Cardinal Mazarin and the chancellor Oxenstiern,
in order the better to command the negotiations,
raise up a new enemy to Ferdinand in the person of
Ragotzky, who had been sovereign of Transylvania
ever since 1626. They procure for him the protec-
tion of the pope. Ragotzky wants neither pretexts



284 Annals of the Empire.

nor reasons for his conduct. The Protestants of
Hungary persecuted, the privileges of the people
despised, and the violation of ancient treaties,
form Ragotzky's manifesto, while the money of
France supplies him with arms.

In the meantime the Imperialists are pushed hard
by Torstenson in Franconia. General Gallas flies
everywhere before him, and before Count Konigs-
mark, who trod already in the steps of the greatest
Swedish captains.

1645 Ferdinand and the archduke Leopold,
his relative, were at Prague when the victorious
Torstenson enters Bohemia, and obliges them to fly
to Vienna. At Tabor, Torstenson comes up with
the imperial army, which was commanded by Gen-
eral Goeuts and John von Werth, who was redeemed
out of prison. Gceuts was killed, and John von
Werth flies. In short, the rout is complete. The
conqueror marches to, and besieges Briinn ; nay,
even threatens Vienna.

In this long train of disasters, something always
fell out to preserve the emperor. The siege of
Briinn had been protracted, and instead of the French
marching toward the Danube to join the Swedes,
as they were to have done in case they had con-
quered, Viscount Turenne is beaten, on the begin-
ning of his journey, by General Mercy, at Mariendal,
and retires to Hesse.

The great Conde marches against Mercy, and
has the glory of repairing Turenne's defeat by a



Ferdinand III. 285

most signal victory on the very same plains of Nord-
lingen, where the Swedes had been before beaten
after the death of Gustavus. Turenne contributes
even more than Conde to the success of this bloody
battle, which is the less decisive the more destruc-
tive it is. The emperor suddenly withdraws his
troops from Hungary, and treats with Ragotzky,
to prevent the French from marching through
Bavaria to Vienna, while the Swedes threaten to
approach it through Moravia.

In all probability, while the French and Swedish
arms are attended with such mighty prosperity, some
rooted vice still prevented their reaping the advan-
tage of such success. The mutual fear which each
of these allies had of the other's obtaining the superi-
ority, the failure of money, and the want of recruits,
all set bounds to their progress.

After the famous battle of Nordlingen it was
scarcely to be expected that the Austrians and
Bavarians should suddenly recover the territories
lost by that battle, and that they should pursue even
the victorious army of Conde to the Neckar, where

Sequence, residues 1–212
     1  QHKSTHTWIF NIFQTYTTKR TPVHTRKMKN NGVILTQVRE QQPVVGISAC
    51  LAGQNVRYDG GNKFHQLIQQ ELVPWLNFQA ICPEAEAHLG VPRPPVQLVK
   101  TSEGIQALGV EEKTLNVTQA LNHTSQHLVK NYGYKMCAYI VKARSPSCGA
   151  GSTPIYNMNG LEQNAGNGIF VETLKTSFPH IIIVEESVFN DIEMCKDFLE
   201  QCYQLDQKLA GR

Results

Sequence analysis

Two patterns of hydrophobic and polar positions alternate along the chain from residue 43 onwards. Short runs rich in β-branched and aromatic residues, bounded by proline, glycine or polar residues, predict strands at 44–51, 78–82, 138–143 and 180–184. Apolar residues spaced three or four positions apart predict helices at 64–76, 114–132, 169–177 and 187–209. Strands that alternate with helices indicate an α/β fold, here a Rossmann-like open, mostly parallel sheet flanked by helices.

he himself was not, but where Turenne remained.
Such vicissitudes are frequent in this war.

In the meantime the emperor, tired with such
continual shocks, began to think seriously of peace.
He at length gives the elector of Trier his liberty,
whose imprisonment had given France a pretext for
declaring war ; but the French arms re-establish this
elector in his capital. Turenne drives out the



286 Annals of the Empire.

imperial garrison, and the elector of Trier allies
himself to France as his benefactor. The elector
palatine might have had the same obligations; but
France as yet had done nothing decisive for him.

That which principally contributed to the em-
peror's safety was, that Saxony and Bavaria had
almost always borne the burden of the war; but
the elector of Saxony, being at length much weak-
ened, enters into treaty with the Swedes. Ferdinand
had not done more for him than for Bavaria. The
Turks threaten Hungary. All has thereby been
lost. The fear of the Ottoman arms makes him
impatient to satisfy Ragotzky. He acknowledges
that prince sovereign of Transylvania, a prince of
the empire, and restores to him all that he had given
to his predecessor, Bethlen-Gabor. Thus by every
treaty is the emperor a loser ; and he hastens the con-
clusion of the Treaty of Westphalia, whereby he is
to lose still more.

1646 Pope Innocent X. was the first mediator
of this peace, whereby the Catholics were to be con-
siderable losers ; the republic of Venice was the
second. Cardinal Chigi, afterward pope by the
name of Alexander VII., was the pope's minister
in Miinster, and Contarini acted there for Venice.
Each interested power made propositions according
to its hopes or fears ; but victories form treaties.

During these first negotiations, Marshal Turenne,
by an unexpected and bold march, joins the Swedish
army upon the Neckar in sight of the archduke Leo-



Ferdinand III. 287

pold. He advances as far as Munich, and increases
the fears of Austria. Another Swedish body
marches to ravage Silesia ; but all these expeditions
are no more than incursions. If the war had been